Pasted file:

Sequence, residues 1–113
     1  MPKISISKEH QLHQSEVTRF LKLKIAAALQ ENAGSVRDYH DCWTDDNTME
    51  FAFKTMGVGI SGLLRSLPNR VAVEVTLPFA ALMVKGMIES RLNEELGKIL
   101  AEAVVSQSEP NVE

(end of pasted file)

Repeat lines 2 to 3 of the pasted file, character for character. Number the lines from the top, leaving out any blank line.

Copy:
     1  MPKISISKEH QLHQSEVTRF LKLKIAAALQ ENAGSVRDYH DCWTDDNTME
    51  FAFKTMGVGI SGLLRSLPNR VAVEVTLPFA ALMVKGMIES RLNEELGKIL